How big is that spiderling?? We have one that is about 3 inches but it is much more peach in color. I do remember that the spiderlings carapaces had that greenish hue. You don't realize how much they change over just a few molts. We originally had 4 of them and found them to be delicate spiderlings to rear. We had a lot of problems with them dropping legs. The one we still have dropped a palp by stepping into a droplet of water. The palp stuck but the spider kept moving. 3 of the 4 died at different times over a 6 month period mysteriously. The 3rd one to die was fine when I checked in on them at night. I found it dead halfway out of a molt first thing in the morning. Luckily the one we have has been hardy. I used to dread its molts but have become confidant with time. They are fiesty and fast and get bolder with size. I never can get a good pic of it because it's built a hammock in the top of the enclosure and rears up at anything. They really are beautiful spiderlings, but look better as juvies IMO. I can't wait to see an adult. I think pictures don't do them justice. We think ours is a female. We got 4 hoping to get at least one male to see the 2 sets of tibial spurs. That is a nice photo. I wish I could get that clost to mine.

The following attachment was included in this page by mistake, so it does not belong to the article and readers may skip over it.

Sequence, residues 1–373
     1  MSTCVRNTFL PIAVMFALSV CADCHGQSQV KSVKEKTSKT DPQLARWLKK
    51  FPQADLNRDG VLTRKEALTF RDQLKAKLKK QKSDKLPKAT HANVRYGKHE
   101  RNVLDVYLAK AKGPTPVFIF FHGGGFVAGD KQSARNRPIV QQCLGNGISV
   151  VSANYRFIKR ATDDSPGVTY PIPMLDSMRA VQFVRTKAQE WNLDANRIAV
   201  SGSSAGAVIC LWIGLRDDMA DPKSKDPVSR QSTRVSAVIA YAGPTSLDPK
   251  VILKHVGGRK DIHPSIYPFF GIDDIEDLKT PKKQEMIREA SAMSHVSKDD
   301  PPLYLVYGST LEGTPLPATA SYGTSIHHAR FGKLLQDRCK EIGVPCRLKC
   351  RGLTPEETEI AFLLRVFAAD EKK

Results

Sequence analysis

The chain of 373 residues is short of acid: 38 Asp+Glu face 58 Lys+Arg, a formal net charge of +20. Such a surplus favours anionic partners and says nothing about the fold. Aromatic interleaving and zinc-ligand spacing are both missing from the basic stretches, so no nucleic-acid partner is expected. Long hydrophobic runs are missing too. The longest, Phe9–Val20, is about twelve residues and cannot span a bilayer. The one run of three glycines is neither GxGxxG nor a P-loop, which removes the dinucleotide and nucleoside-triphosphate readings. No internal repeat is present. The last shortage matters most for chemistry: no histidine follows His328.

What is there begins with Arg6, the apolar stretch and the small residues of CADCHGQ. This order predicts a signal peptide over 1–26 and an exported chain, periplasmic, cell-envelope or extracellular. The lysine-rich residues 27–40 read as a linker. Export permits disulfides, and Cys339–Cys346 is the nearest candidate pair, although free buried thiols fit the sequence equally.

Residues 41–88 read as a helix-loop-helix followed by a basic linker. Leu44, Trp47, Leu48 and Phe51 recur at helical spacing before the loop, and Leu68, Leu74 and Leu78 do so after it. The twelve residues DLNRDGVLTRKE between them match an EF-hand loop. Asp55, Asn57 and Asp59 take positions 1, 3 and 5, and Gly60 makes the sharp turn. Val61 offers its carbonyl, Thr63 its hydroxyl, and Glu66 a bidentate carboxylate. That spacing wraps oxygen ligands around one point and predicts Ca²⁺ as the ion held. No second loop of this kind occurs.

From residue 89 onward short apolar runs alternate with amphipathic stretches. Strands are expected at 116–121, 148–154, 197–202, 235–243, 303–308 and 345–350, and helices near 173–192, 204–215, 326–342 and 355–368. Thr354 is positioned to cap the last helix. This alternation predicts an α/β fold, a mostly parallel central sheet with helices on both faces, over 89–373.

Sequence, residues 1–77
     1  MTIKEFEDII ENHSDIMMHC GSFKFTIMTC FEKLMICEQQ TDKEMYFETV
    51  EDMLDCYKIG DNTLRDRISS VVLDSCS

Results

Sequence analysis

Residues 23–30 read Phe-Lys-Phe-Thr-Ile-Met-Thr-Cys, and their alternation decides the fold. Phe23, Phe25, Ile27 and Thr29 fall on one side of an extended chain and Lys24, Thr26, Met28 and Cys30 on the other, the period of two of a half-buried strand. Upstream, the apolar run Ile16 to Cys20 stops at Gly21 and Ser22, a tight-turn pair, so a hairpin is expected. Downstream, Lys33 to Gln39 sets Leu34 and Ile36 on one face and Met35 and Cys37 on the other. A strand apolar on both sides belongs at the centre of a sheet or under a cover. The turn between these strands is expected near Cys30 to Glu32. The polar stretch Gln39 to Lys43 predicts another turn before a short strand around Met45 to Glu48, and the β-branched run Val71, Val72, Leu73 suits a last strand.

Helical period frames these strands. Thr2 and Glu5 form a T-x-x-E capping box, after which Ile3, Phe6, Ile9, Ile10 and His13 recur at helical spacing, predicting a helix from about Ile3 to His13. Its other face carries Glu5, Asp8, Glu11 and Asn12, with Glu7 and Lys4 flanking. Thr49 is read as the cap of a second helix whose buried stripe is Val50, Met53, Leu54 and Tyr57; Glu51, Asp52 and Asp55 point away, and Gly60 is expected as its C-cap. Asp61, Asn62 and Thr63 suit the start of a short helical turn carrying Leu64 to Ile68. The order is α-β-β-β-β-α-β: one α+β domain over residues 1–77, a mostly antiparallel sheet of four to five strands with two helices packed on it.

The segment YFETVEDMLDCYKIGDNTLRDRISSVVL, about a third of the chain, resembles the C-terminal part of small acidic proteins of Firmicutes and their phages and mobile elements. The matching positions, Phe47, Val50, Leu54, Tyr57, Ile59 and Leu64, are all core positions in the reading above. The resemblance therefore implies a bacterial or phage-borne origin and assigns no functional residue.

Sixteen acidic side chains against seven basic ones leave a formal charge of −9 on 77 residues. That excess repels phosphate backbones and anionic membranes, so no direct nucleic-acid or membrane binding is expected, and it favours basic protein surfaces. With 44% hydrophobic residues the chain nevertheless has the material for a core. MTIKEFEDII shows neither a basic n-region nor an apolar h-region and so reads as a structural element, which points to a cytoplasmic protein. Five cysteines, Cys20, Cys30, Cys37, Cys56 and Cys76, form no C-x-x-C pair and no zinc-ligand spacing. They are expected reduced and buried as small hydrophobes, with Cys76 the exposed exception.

I zorodes which was also labled as Avic zorodes from what I can tell having had one and watched it grow was actually Avicularia huriana. They both came around at about the same time and I believe the zorodes labeling was incorrect.
The size on this one is between 1/2 and 3/4 of an inch.
I.zorodes is still as species though, as well as A.huriana, there both 2 seperate distinct species until proven wrong, which both have a 70 year difference from descriptions.
maybe it was a mix-up?But then again, you know how Avicularia's are, and Iridopelma use to be one in the same(but then again everything looked like Avicularia to early explorers)...
I have always noticed that it goes from I. zorodes to A. zorodes and back again. Last time I checked it was back to Iridopelma zorodes. I may be wrong about this because I can't remember where I read this, but I thought that I. zorodes and I. hirsuta where the only 2 species where mature males have tibial spurs on the front 2 pairs of legs giving them 4 tibial spurs in all. Someone let me know if I am right or wrong about this.
James- Yes, they are arboreal. Ours is very acrobatic and rarely is seen on the ground. Here is a pic of an adult at Rick West's site. I have to say that this is one spider that pictures do no justice to. http://www.birdspiders.com/archive/1/0163.htm